A Letter to the Senator

“Why do you support Bernie Sanders?”

“There are women running, you should support them!”

“There are people of color running, why are you supporting an old white man?”

 

Since 2016, I have been asked these questions innumerable times. They’re valid, they hold truth, and as a woman of color, I recognize why people ask me that.

Why would a young woman of color support a 78 year old white man?

To me, Bernie Sanders presents a dream, one that my, and every other story fits into. Stories of immigration, poverty, marginalization all fit into the American Dream that he pushes forward as a “political agenda.”

 Senator Sanders brought forward a concept of an America in which the color of my skin did not mean I  could not succeed, he brought forward an idea often forgotten by political actors in the federal government: the everyday person mattered.

Flash forward to 2016, I, alongside so many others, lived in fear. On a weekly basis news stories broke about targeted hate crimes on marginalized communities. Each day I feared that one of those stories would end up being someone I was close to: a brown body being persecuted for the color of their skin. The next four years would be no different, black and brown bodies’ livelihoods were on the line. They still are on the line. Resilience or not, to live your life in fear is to be utterly shunned of freedom. I lived afraid of what this president would do to people who didn’t fit his standard of American. I lived in every moment hoping, waiting for the resurgence of democracy in 2020.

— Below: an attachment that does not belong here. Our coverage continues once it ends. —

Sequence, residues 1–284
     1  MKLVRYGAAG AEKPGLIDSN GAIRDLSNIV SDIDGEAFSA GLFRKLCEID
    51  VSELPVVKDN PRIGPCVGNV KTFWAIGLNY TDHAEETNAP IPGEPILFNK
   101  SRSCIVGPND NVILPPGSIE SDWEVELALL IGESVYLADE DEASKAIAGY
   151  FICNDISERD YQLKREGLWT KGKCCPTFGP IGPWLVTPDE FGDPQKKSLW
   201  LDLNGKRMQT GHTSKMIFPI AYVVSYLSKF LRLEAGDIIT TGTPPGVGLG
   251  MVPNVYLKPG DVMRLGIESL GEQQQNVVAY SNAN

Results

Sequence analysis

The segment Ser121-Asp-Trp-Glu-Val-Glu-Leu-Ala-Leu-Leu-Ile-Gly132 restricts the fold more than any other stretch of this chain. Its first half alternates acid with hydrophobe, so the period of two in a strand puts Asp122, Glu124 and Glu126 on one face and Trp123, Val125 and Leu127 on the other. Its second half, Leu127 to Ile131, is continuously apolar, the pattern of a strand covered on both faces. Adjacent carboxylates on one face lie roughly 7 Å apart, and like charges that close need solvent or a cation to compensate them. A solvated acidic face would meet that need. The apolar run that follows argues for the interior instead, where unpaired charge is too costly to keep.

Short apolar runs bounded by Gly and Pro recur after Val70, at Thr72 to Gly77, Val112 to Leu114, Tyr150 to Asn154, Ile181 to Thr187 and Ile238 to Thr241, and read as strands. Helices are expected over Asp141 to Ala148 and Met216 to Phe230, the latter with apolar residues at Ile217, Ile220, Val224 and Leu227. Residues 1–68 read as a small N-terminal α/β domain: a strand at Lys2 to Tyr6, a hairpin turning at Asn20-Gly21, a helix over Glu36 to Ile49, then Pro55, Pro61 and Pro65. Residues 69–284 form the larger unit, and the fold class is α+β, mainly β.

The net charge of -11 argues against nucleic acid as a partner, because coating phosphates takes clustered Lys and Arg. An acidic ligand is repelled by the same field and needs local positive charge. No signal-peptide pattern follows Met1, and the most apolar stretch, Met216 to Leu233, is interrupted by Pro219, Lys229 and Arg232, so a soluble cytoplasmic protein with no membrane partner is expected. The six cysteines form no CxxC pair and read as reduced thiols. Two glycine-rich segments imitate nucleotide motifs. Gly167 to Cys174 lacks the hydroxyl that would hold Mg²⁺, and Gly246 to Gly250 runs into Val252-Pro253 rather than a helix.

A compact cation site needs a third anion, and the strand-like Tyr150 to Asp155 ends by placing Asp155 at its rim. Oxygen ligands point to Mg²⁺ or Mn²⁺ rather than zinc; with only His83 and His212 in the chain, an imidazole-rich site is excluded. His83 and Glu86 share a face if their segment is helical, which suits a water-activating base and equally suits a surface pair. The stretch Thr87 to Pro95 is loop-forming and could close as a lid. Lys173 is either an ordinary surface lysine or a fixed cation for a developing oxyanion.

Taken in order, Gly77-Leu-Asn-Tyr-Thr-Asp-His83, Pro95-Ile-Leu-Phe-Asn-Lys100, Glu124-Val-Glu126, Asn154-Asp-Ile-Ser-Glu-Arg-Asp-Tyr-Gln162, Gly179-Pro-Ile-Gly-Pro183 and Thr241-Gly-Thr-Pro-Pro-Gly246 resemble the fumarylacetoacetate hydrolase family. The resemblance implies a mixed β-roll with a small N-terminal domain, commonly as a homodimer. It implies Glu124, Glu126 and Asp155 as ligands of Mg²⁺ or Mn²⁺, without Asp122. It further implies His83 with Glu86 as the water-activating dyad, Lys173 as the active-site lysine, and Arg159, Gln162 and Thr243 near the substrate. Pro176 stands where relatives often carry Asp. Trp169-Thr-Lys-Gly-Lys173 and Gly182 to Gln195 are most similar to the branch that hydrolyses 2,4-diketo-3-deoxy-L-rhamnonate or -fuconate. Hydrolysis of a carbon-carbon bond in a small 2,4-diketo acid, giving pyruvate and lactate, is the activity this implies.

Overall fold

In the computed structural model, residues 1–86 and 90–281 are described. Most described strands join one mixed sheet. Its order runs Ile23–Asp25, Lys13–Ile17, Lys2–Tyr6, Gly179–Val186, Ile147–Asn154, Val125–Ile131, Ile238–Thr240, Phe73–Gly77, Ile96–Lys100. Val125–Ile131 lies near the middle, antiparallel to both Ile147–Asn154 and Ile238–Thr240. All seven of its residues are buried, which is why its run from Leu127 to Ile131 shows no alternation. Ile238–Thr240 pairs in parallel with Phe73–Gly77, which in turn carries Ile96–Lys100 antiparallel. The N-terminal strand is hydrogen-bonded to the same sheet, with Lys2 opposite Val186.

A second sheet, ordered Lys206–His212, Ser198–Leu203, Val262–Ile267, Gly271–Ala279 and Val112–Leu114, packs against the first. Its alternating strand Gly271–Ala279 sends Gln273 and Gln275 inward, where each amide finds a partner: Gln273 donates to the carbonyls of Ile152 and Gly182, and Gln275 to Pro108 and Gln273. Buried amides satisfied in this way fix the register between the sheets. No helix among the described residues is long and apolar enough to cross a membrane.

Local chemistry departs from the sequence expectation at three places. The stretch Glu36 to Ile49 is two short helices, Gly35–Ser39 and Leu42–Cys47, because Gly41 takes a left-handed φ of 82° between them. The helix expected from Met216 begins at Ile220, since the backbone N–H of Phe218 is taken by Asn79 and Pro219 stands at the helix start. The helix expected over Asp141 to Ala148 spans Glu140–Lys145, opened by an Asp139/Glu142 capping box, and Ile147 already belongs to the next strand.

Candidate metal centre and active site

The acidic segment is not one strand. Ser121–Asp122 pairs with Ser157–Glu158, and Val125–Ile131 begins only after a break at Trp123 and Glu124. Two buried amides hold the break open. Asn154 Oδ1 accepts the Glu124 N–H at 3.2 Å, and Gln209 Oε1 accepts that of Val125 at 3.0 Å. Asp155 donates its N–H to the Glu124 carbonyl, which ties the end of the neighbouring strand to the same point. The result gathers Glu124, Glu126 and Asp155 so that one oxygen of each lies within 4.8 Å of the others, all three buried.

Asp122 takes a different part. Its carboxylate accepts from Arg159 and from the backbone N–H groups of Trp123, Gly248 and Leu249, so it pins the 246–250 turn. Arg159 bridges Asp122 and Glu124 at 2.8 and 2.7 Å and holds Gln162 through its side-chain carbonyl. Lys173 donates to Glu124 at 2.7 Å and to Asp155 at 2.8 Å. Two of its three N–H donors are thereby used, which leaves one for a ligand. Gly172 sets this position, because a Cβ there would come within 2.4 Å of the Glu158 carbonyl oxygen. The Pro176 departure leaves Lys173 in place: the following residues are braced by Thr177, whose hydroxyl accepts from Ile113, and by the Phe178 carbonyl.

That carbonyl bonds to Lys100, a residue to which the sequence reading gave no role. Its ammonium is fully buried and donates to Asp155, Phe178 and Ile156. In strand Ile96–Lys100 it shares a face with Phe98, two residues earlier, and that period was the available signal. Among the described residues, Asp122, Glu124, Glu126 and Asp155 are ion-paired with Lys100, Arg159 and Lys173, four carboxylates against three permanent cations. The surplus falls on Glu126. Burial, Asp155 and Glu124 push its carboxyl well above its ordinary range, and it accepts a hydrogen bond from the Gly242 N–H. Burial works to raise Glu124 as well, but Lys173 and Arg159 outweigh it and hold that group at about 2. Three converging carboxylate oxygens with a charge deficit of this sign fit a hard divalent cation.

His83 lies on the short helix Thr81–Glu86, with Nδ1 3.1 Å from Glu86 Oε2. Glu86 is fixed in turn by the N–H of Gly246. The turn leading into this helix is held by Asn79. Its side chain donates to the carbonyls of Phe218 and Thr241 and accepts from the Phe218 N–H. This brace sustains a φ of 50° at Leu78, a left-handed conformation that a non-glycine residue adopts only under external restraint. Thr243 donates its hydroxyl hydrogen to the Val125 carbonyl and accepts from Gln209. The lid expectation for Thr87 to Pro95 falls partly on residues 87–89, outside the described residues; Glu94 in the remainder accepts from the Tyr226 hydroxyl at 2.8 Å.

On February 19th, 2019, that resurgence came.

“My name is Bernie Sanders, and I am running for President.”

Videos of young black and brown supporters flooded my vision, all with one goal in mind: to elect this 78 year old white man into the oval office. Tears ran down my face as I laughed with something; call it relief.  I felt ready to be unafraid again, I felt ready to make the change, and I knew there was at least one person in the race for the Presidency that would help me.

I will not say that I have committed and stand alongside every single thing Senator Sanders has done or said. I will not align myself blindly to someone. The 2020 race brought with it the most diverse field of candidates in history. I looked toward the brown women, toward the minority candidates, found solace in their speeches and resolutions. Yet, I found myself gravitating back to one concept: revolution.

Bernie and his supporters endured consistent pushback for this idea of a revolution. News outlets, Republicans, even other Democratic candidates convoluted this idea of a revolution to be aggressive, angry, even narrow minded, attributing those feelings to negativity. Yet, the notion of  a “revolution” almost lent itself to what the Senator was pushing for.

Deeply rooted systemic social change does not occur without aggressive pushes to do better.

Deeply rooted systemic social change does not occur unless you are angry enough to change something.

Deeply rooted systemic social change is only narrow minded to those for which the system has been working. 

Revolutions are what create social change, and Bernie Sanders is living proof of what can be done.

I feel lost and confused as to what to do. It is silly to put all of your political eggs in one basket, but when you believe in a hope as beautiful as a revolution of millions just like you, that basket sounds desperately enticing.

There is living proof of what Senator Sanders has done to the Democratic Party. So many young brown women are rising up and realizing that they too can take on the reigns of leadership and evoke social change. They believe in a more diverse and better represented government, not in a few years, but today. Many of them attribute their new confidence to the senator.

I am so proud to have been a zealous advocate for Senator Sanders since 2016. He allowed me to understand the truth behind allyship and recognize that just because I am a woman does not mean I must back the female candidate, just because I am brown does not mean I should feel guilty for not backing the minority candidate.

I am honored to have followed the leadership of a candidate that wanted to make sure I had a trail blazed before I got there. A candidate that wanted to know in his heart he did everything he could for millions he did not know.

“It is impossible until it is done.”

The struggle continues.